Chefs and restaurants around the globe are raising the profile of Mexican cuisine with modern interpretations that honor Mexico’s culinary heritage by highlighting traditional methods and high-quality ingredients. One such ingredient — heirloom corn — is now easily accessible for the first time to chefs outside of Mexico thanks to the work of pioneering chef and entrepreneur Jorge Gaviria. His company, Masienda, helped create a market for Mexico’s ancient varieties of corn that chefs process in-house to create tortillas that are a cut above those produced with commodity ingredients.
Gaviria and chefs from two top Mexican restaurants in Washington, D.C., discussed how this high-quality corn helps support Mexico’s farmers and honor its culinary heritage at an event hosted last week by Smithsonian Associates. Washington Post food writer Joe Yonan led a panel discussion that began with an explanation by Gaviria of the ancient process known as nixtamalization, which softens the outer hull of hard field corn and allows it to be turned into nutritious masa. The process is time-consuming, but one that all the panelists agreed is well worth the effort.
Most tortillas produced in the US for commercial sale and in many restaurants are made from a processed corn flour called maseca, which Gaviria referred to as “the Bisquick version of that process…it cuts out a significant amount of work, but at the expense of flavor and nutrition.” The majority of field corn used in the production of commodity products is engineered for cattle feed and ethanol production rather than human consumption, Gaviria said, whereas Masienda sources corn from Mexican farmers who grow the heirloom varieties as a subsistence crop.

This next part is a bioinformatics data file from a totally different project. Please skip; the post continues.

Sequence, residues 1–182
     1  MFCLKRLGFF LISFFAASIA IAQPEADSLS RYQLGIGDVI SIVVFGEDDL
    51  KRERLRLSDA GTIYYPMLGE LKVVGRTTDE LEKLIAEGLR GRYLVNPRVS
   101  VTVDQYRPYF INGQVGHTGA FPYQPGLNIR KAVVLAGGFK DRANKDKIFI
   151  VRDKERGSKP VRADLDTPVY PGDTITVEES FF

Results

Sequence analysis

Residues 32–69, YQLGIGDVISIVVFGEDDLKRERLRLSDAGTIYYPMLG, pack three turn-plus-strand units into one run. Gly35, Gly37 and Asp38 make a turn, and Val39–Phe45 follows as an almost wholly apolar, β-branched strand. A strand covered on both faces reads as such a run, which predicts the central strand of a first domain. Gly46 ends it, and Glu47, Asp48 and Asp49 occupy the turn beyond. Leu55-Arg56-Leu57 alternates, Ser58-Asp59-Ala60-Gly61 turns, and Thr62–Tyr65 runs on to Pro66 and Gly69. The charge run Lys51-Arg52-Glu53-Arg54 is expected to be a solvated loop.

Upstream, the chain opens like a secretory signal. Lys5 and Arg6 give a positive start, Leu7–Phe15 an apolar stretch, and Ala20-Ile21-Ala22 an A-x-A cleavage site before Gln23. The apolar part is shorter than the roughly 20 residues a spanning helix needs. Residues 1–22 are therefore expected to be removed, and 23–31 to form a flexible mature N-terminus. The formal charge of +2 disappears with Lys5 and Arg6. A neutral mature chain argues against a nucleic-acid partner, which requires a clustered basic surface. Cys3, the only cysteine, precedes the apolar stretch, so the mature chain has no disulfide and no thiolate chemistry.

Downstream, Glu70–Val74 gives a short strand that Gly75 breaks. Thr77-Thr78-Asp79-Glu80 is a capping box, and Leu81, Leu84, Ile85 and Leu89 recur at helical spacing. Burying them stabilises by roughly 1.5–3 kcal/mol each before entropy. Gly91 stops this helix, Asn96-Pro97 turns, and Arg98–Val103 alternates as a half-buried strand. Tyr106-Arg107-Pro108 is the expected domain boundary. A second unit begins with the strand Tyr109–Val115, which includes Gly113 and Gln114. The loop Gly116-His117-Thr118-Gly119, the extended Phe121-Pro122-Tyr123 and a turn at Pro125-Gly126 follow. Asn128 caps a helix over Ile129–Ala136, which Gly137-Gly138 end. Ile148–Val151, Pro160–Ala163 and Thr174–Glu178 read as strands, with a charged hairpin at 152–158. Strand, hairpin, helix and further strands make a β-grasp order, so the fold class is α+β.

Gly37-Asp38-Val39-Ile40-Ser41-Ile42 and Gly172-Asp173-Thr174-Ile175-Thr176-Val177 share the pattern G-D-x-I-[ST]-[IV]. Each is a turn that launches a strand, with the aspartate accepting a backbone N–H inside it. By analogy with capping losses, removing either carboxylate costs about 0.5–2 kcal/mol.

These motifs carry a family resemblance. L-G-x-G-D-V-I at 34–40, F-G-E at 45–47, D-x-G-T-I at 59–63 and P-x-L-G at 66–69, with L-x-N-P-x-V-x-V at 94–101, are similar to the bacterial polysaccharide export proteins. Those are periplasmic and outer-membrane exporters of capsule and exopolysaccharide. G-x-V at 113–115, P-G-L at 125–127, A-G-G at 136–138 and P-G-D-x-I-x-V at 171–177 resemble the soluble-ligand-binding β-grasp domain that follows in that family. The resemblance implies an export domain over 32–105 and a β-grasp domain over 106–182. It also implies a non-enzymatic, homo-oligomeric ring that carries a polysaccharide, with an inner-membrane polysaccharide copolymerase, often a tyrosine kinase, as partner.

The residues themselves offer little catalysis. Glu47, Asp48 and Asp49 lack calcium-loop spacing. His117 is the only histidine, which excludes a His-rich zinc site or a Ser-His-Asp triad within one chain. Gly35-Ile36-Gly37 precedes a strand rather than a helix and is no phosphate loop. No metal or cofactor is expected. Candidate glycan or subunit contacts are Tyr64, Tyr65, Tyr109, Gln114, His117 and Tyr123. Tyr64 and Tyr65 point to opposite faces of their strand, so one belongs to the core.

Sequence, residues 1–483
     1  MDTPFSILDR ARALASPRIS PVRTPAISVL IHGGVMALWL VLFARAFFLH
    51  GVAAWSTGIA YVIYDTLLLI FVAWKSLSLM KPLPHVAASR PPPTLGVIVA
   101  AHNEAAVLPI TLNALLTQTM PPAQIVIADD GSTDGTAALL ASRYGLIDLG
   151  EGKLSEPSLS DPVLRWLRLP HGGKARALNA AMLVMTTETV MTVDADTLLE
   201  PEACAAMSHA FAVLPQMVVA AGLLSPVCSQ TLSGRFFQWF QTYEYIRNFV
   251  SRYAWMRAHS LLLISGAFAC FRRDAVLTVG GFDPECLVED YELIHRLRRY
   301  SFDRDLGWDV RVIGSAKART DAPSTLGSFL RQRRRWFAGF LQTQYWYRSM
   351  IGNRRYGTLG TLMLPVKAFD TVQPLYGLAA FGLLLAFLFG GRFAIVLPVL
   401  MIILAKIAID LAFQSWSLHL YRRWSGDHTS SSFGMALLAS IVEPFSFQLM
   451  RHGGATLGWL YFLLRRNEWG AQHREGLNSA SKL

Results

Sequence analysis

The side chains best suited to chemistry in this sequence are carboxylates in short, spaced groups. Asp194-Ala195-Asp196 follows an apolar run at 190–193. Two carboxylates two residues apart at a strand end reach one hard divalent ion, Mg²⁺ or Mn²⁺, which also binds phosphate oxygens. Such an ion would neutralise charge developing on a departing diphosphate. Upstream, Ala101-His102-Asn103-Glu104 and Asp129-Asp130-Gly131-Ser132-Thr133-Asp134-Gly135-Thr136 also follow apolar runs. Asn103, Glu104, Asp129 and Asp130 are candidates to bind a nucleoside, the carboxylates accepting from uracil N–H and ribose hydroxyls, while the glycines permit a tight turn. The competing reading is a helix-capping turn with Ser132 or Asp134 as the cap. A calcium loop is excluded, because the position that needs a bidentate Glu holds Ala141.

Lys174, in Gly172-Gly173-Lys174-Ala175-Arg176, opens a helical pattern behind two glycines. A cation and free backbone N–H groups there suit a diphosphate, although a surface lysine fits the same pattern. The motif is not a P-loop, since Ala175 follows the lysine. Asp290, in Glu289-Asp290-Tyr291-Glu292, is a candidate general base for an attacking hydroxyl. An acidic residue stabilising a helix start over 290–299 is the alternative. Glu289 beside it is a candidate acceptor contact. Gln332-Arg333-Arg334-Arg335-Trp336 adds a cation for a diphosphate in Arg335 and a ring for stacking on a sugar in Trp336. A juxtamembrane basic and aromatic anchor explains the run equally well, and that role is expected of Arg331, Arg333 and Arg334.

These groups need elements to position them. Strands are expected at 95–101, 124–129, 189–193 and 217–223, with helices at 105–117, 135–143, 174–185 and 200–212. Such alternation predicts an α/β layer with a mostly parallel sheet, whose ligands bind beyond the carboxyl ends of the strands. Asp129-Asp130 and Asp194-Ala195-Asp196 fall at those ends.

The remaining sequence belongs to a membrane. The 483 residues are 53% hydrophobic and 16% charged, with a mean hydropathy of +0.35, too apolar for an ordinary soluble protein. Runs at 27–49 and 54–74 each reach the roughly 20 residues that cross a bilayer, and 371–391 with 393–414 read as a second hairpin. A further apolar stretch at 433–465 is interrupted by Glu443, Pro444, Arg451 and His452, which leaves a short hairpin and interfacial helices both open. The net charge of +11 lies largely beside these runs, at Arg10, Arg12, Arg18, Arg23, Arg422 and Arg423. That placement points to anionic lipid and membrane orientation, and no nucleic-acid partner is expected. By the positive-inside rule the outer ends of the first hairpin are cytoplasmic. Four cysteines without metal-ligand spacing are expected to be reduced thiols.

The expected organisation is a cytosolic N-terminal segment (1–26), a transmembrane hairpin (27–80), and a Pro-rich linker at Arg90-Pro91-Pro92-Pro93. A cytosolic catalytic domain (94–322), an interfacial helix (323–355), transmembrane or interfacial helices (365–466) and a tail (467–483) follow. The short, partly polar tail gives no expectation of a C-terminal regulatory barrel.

Processing corn from scratch “takes finesse,” but results in a “phenomenal end product,” with discernable difference in flavor and aroma depending on the type of corn used, said chef Omar Rodriguez of Oyamel Cocina Mexicana by Jose Andres.
Chef Alexis Samayoa of Espita Mezcaleria agreed, describing the difference between making tortillas with maseca and making them with Mexican corn as “like [going from] driving a Honda to a Ferrari. It’s really night and day.”
Samayoa and his staff process about 150 pounds of corn each day and he said the hands-on process helps him feel connected to his restaurant. The nixtamalization and grinding process, which is mainly the responsibility of several staff members Samayoa affectionately refers to as “my girls,” also helps connect his operation with Mexico’s culinary traditions.
Once the corn has been nixtamalized, it’s ground by hand to a consistency that prep cooks judge based on looks alone — a complex process that some of Samayoa’s employees learned while living and working in Mexico.
One of the women who joined Samayoa’s staff in the restaurant’s early days used a communal grinder in her hometown in Mexico that was “almost identical to the one in the restaurant,” he said.
At Oyamel, the cooks responsible for making the tortillas have been instrumental in refining the restaurant’s process. “It was subtle adjustments. We learned from them…we don’t claim to know what we’re doing,” Rodriguez said. “I grew up in the United States and I’ve never had to do that in my entire life, so to get their opinion on the matter is great. I learn from my cooks,” he said.
Masienda supplies corn to some of the country’s most celebrated restaurants, and Gaviria said many of them draw on the knowledge of prep cooks from Mexico and other Latin American countries when it comes to traditional tortilla making. “I’ve seen some of the best chefs in the country kind of scratch their heads looking at this process and being totally daunted by it,” he said.
As US chefs become familiar with the process, they are branching out by experimenting with different varieties of corn. Each variety has a unique flavor and aroma, with colors ranging from white to blue and purple. Samayoa said he has used six or seven different varieties at his restaurant and likes to switch to a different type every month or so.
Gaviria founded Masienda in 2014 after becoming “obsessed” with corn, and he’s passed that obsession on to the chefs who turn to his business as a source of high-quality corn that lets them put a piece of Mexico’s culinary heritage on their menus.
“Chefs have been the best ambassadors for what we do, and the coolest thing is to see how each story unfolds in each kitchen.” he said.
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